A microsite is either on a subdomain of the parent site, or it is on a different domain but has a backlink to the main website. As it happens, this practice is one of the SEO tricks used to create fake links to a website, and boost its clicks and SEO score artificially. This is called black hat SEO and is seen by Google as deceptive, and leading the mother sites of microsites created to generate fake backlinks to be penalized for engaging in spammy fraud-y SEO behavior by having their SEO scores lowered.
According to Google, a good, high-SEO-score-worthy site is one that contains a lot of high-quality content provided steadily over a long enough period, so microsites that have only limited content that is only supplied for a short-ish while is deemed low quality by Google standards, and receives the corresponding low SEO score
One of the things Google algorithms are extremely reactive to with SEO penalties is SEO plagiarism, meaning publishing duplicated material from other sites on your own site. Usually, microsites are created for campaigns or testing new marketing strategies, and they usually have their own designated content and marketing team. That’s why sometimes they end up neglecting whether their content has too many similarities with content on the website, and that hurts SEO on both sites.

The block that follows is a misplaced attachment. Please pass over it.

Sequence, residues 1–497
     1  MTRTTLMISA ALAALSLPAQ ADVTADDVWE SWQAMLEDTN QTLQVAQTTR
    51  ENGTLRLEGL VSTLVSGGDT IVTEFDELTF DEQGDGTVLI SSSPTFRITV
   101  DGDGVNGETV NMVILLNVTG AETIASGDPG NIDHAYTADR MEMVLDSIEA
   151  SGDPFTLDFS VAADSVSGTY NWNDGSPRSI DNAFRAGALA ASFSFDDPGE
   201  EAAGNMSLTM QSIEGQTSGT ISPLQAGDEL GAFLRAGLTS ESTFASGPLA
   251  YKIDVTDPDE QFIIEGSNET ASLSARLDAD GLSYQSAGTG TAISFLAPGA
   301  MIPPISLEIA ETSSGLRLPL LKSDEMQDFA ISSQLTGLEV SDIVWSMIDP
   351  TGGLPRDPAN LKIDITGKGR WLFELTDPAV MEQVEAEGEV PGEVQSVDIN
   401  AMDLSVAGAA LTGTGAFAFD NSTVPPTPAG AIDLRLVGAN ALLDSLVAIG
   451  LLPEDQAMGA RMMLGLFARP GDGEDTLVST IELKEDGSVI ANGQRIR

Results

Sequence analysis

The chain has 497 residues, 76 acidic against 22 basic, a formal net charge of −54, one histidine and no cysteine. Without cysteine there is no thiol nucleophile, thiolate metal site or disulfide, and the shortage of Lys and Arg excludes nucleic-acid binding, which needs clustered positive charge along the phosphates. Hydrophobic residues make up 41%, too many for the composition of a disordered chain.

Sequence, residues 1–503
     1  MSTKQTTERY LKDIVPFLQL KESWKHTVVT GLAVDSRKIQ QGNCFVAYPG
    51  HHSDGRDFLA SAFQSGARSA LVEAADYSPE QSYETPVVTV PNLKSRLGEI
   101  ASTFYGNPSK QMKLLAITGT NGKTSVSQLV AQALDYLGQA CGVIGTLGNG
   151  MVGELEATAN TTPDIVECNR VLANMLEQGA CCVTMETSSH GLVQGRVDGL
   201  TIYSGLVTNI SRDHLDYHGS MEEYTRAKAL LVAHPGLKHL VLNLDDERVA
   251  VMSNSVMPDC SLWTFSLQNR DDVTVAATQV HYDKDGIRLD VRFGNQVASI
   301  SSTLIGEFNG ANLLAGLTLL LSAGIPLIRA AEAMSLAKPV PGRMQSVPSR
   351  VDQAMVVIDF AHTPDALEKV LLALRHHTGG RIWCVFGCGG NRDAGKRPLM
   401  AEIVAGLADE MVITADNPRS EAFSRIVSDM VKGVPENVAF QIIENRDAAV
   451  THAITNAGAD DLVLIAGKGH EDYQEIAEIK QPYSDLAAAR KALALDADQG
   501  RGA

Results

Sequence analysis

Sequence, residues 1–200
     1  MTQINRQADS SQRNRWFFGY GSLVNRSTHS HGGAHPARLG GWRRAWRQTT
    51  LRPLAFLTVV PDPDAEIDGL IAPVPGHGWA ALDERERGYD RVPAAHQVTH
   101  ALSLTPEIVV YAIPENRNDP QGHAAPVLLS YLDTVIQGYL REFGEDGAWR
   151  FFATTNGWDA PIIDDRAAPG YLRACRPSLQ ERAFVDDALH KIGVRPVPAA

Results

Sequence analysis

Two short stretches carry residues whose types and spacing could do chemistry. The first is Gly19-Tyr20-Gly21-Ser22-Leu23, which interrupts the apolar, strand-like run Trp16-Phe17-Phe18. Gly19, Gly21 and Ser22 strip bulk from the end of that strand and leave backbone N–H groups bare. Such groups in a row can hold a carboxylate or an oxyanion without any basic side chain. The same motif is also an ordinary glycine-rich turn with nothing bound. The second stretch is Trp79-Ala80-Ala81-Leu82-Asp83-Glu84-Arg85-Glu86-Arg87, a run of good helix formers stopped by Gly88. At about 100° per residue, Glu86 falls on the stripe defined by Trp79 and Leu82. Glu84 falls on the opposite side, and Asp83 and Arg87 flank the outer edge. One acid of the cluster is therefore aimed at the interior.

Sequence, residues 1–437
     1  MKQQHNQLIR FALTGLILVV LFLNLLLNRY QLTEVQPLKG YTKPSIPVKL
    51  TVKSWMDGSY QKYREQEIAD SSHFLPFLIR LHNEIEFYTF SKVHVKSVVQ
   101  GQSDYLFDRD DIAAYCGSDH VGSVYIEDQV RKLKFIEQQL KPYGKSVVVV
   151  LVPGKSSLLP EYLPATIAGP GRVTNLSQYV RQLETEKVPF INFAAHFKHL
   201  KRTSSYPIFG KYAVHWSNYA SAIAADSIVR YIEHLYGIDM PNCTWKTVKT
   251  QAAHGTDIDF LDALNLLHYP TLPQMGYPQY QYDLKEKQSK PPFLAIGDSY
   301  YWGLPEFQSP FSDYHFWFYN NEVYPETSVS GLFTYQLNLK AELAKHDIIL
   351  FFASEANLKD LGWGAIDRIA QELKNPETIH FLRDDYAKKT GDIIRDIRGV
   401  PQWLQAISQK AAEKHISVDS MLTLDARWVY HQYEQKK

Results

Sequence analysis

An ad campaign being one of the main applications of a microsite, it can have a rather lucrative impact on one in some ways:
A microsite is fitted with the type of content addressing the sort of high-excitement subject matters that raise awareness pretty fast.
Aided by multiple social media alerts, a microsite can generate large-scale traffic to an ad campaign in a short time frame, helping plenty with how much direct attention and interaction it receives.
A microsite’s focused content, de-cluttered format, and interactive design create an ultra-smooth crowd-pleasing user experience, which boosts favorable call-to-action responses, and that’s one of the most important ways a microsite can benefit an ad campaign.
More free reign over content, as a result of being separate from the brand’s main marketing team, and deviations from their umbrella marketing mottos being allowed, lets the content be intensely focused. This keeps the interested crowd on the site, reduces bounce rates, boosts SEO rankings fast, and creates more exposure and publicity very effectively.